Geological and geographical studies of hot spring areas from mid-Meiji to Taisho Era
After the publication of The Mineral Springs of Japan in 1886, Home Ministry continued to conduct analyses on mineral springs in Japan. The results of these studies were published from time to time. In 1915, the German and English versions of The Mineral Springs of Japan were exhibited at international expositions held in Dresden (Germany) and St. Louis (United States), and were introduced to many countries around the world.
The version of The Mineral Springs of Japan presented at the Panama-Pacific International Exposition in St. Louis contained numerous analytical charts, introduced hot spring areas, and presented a distribution map of mineral springs in Japan. The figure below is a copy of the image. Although the image is old and yellowish, it provides an overview of the content.
Pay attention to the red linings that indicate the volcanic belt in this figure. During this period, detailed geological and geographical studies were conducted on the island clusters that form an arc2, the Kuril Islands, the Japanese Islands and the Nansei Islands, and on the coastal regions of mainland Japan. The close relationship between volcanoes and hot springs was already recognized by modern science. Overall, the volcanic belt depicted in the figure can still be applied to today's volcanic front
At the time, the results of the geoscience research related to volcanoes and hot springs were published in Journal of Geography, The Journal of the Geological Society of Japan and Reports, Geological Survey of Japan3. Presumably, the attached figure is a summary of the aforementioned research.
During that period, the Department of Geology was established in 1921 within the College of Science at the Kyoto Imperial University (currently Kyoto University), starting a new chapter in the development of geological studies. The specifics of the development were published in the Japanese Earth magazine, a monthly magazine with its first issue published in 1924. The second issue published featured hot springs and included the details and characteristics of the distribution of hot springs in Japan. After the publication of that issue, certain facts became common knowledge, such as that hot springs are found mainly on low ground. Besides that, the corresponding relationship between the distribution of hot springs and the tectonic lines was also described in detail. These have all become the basis for hot spring research in the later ages.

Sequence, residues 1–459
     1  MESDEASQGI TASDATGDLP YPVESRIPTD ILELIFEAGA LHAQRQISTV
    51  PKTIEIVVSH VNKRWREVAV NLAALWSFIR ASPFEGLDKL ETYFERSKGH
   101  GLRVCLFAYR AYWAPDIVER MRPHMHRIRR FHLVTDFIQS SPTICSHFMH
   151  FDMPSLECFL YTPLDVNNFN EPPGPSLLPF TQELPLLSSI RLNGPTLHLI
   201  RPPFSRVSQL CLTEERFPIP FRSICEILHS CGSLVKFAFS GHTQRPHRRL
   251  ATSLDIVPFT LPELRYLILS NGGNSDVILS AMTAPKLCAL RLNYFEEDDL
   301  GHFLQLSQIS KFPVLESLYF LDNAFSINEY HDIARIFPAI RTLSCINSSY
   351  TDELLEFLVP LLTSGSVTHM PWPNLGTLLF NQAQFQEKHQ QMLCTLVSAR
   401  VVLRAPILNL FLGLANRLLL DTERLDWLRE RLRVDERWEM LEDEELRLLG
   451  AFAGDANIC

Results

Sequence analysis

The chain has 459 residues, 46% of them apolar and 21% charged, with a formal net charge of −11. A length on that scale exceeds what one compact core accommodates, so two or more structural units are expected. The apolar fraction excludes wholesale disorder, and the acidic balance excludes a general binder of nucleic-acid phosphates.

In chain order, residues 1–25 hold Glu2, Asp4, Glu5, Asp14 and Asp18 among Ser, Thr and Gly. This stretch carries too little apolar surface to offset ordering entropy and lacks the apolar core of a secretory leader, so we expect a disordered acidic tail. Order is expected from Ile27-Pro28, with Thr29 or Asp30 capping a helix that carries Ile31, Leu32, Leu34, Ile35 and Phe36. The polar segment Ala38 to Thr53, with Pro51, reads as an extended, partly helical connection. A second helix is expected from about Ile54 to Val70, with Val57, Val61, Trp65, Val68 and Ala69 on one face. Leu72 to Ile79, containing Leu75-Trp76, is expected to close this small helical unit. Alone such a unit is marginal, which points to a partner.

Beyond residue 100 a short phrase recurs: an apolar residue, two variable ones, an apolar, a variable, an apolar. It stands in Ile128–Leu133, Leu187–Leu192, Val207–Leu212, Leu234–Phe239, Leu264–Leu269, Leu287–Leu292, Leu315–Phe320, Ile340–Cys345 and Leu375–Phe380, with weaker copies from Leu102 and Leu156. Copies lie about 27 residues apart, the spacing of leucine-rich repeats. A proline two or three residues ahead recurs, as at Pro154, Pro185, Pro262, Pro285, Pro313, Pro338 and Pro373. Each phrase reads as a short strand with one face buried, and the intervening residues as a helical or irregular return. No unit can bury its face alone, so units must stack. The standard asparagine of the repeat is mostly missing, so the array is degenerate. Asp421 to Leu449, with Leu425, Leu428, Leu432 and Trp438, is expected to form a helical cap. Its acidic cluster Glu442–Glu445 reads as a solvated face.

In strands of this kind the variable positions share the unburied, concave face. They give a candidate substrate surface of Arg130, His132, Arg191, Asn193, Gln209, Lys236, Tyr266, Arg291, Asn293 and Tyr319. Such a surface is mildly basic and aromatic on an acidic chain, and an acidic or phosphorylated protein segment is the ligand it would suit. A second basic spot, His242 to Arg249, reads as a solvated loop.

Figure: Ishizu (1915). The Distribution of Mineral Springs and Volcanoes in Japan.
Black dots: Mineral springs; Red dots: Active volcanoes;
Red lines: Volcanic belt; Black lines: Tectonic lines of the Tertiary Period1
1 The Tertiary Period
The Tertiary Period belongs to one of the geological periods, about 66 million to 2.6 million years ago. Succeeded by the Quaternary Period, which is the current period.
2 Islands shaped in an arc
These islands are called "the arc islands". Situated on the subduction zone of the tectonic plates. Recently, they have become commonly known as "island-arc".
The Kuril islands, the Japanese islands and the Nansei (Southwestern) islands are some of the most famous island arcs in the world. The islands are also known as "festoon-islands," as the islands are situated in an arc shape that resembles a festoon.
Journal of Geography: Organ of Tokyo Geographical Society (established in 1879), Geographical.
The Journal of the Geological Society of Japan: Organ of The Geological Society of Japan (established in 1893), Geological.
Reports, Geological Survey of Japan: One of the organs of Geological Survey of Japan (established in 1882), Geological.
The Geological Survey of Japan was reorganized and incorporated into the National Institute of Advanced Industrial Science and Technology (AIST).
Risaku Ishizu (1915). The Mineral Springs of Japan for the Panama-Pacific International Exposition.
Takaharu Fukutomi (1936). The Physics of Hot Springs. Iwanami Shoten.
Yasuzo Hattori (1959). The Guideline of Hot Springs. Hirokawa Publishing Inc.